Figure 1.--The boys studying under Jacques D'Amboise wear an ecletic mixture od classical dance wear and other garments such as tube socks and knit shirts not normally associated with ballet dancing. D'Amboise is demanding, but he is flexible in dealing weith the younger children.
Sharing the exhilarating experience of dance has been Jacques d'Amboise's gift to children for the past two decades.Famed teacher and choreographer Jacques D'Amboise was born in 1934 at Dedham, Mass. He became a soloist with the New York City Ballet in 1953. He is best known for American-theme works, e.g., Filling Station, Western Symphony, films, e.g., Carousel (1956), and his own ballets, e.g., Irish Fantasy (1964). D'Amboise founded the National Dance Institute
in 1976 to bring the teaching of dance into the New York city public schools. He conducted classes in New York during the 1970s and 1980s amd continues tompromote dance education.
D'Amboise was born in 1934 to a French Canadian mother and Irish American father. He began dancing at age 7. He ran with the gangs in Washington Heights, bordering Harlem on the west side of Manhattan. Jacques credits his mother with sending him to ballet
classes at age 7 to keep him off the streets of the rough Washington Heights section of New York City. Even in childhood, he was a brilliant director. "I was always getting the kids on my block to play games, my games," he recalls. "If they didn't want to play I would change the story to give them the lead," he says. It was a move that foreshadowed his future success. He quit high school to perform at 15. He was invited by George Ballanchine to join the famous New York City Ballet. By the time he was 16, d'Amboise had performed at London's Convent Garden with the New York City Ballet, met the Queen and "when I came back to the block, I just didn't belong anymore."
He was made a principal dancer at the age of 17 and appeared in his first movie the same year. He performed works by George Balanchine at City Ballet and appeared in movie classics such as Carousel and Seven Brides For Seven Brothers, as well as an Academy Award-winning documentary of his work.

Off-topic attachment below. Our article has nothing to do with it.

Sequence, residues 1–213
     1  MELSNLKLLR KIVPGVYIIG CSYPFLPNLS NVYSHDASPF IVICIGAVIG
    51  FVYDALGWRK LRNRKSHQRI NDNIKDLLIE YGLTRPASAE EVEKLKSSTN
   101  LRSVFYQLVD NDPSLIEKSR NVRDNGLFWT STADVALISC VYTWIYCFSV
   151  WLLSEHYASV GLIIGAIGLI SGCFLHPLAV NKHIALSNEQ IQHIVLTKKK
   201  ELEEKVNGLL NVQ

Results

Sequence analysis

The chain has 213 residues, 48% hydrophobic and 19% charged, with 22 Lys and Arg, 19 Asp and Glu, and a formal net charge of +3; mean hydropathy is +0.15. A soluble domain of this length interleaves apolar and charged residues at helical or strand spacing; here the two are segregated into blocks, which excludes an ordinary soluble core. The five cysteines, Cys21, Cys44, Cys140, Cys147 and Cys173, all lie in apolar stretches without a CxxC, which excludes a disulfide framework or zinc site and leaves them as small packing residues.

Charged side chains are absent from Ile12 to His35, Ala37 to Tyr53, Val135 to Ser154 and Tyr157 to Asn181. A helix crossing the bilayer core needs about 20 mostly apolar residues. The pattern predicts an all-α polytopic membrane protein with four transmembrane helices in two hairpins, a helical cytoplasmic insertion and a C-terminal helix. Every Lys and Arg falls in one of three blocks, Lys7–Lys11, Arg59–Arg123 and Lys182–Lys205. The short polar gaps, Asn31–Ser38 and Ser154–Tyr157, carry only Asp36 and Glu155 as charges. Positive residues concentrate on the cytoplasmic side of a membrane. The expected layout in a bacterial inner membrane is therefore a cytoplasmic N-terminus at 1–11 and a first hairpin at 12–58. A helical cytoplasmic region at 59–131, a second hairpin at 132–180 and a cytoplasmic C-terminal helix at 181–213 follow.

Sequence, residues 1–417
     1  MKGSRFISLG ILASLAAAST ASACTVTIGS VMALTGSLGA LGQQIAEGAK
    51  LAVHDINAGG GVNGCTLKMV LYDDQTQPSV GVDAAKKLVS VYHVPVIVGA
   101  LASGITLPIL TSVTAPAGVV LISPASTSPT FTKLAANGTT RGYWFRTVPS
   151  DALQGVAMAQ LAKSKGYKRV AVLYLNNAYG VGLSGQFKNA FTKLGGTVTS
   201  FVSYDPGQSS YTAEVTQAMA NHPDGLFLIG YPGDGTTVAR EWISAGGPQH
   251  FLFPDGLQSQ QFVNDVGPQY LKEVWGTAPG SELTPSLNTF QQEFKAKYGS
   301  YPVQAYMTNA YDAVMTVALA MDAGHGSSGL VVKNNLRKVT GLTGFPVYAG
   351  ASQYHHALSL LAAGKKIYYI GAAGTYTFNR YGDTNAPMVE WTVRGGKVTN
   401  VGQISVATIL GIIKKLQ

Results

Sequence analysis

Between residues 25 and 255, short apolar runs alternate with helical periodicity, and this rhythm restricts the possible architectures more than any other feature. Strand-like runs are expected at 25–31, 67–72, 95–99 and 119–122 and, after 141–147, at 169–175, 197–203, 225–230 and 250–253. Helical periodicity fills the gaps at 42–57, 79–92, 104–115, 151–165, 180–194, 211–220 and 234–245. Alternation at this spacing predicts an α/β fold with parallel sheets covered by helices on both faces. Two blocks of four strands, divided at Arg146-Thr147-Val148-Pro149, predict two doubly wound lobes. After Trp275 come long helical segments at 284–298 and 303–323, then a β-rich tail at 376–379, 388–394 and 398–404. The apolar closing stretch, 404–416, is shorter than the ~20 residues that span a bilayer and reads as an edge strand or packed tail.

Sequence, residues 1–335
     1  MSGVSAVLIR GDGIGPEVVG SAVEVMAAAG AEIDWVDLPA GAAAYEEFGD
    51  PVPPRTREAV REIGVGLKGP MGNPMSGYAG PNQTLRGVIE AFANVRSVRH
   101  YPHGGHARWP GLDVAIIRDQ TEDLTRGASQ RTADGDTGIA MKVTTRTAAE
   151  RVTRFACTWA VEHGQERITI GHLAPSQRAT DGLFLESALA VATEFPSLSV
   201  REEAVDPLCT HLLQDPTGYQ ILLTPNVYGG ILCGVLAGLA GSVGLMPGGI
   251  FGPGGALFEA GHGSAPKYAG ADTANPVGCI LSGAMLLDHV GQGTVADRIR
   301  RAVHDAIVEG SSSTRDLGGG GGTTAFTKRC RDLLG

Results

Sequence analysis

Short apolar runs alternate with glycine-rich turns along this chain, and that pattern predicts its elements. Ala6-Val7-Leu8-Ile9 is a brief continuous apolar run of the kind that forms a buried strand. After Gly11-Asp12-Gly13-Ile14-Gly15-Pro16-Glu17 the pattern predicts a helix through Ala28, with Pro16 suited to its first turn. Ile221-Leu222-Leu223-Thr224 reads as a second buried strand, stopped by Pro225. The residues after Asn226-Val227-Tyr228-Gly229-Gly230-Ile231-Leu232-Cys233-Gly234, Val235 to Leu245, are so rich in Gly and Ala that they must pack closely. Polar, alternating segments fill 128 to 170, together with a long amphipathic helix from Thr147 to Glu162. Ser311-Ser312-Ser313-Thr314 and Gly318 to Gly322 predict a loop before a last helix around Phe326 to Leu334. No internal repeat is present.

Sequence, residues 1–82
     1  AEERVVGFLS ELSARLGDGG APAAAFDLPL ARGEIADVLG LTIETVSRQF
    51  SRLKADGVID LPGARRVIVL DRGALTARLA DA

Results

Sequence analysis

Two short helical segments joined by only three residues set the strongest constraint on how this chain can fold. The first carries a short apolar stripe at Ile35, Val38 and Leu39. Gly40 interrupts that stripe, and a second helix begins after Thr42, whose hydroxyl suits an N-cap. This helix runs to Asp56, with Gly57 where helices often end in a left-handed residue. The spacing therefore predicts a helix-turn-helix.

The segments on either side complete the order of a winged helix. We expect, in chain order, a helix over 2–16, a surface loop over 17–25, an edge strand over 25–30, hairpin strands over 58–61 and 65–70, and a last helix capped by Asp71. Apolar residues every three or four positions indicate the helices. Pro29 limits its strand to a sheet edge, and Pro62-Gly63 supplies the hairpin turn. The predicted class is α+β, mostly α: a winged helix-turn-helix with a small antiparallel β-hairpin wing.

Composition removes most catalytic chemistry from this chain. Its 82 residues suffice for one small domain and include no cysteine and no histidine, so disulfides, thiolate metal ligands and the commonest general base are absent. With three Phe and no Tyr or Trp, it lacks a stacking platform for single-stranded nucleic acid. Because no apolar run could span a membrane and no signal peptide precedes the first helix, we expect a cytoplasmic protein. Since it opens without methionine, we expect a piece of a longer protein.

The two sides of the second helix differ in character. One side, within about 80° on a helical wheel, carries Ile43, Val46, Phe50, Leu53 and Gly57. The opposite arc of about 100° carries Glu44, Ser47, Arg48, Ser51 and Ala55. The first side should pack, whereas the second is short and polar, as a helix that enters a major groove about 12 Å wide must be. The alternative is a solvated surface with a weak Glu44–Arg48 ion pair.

D'Amboisee began a new career in 1976 when he founded the National Dance Institute (NDI) to teach public schoolchildren the joy of dance. He believes that dance and music are primary, like time and space. "Our heart beats in rhythm. We breath rhythmically. We're made of time; being expressed by movement. And by sound. The arts that humans have developed to
take this incredible fact of physics into expression are dance and music," d'Amboise says in a cadence that communicates pure joy.
"How did this happen?" D'Amboisee asks himself. "It was because of that early life of being actively engaged in the arts," he answered. Continuing this conversation with himself, he asked: "So how do I give back? Especially to young children, and especially boys
who are not in a position to have the economic means to have music lessons and dance lessons and poetry. How do I do that? "And I thought, ‘why don't you just go to local schools and start teaching little boys during school hours. Make sure they don't miss their play or lunch with their friends. Try to get it to be part of the curriculum. And then try to get them to experience what it is to do a public performance of high quality, where the music is the best and the scenery is the best, the theater is the best and your fellow performers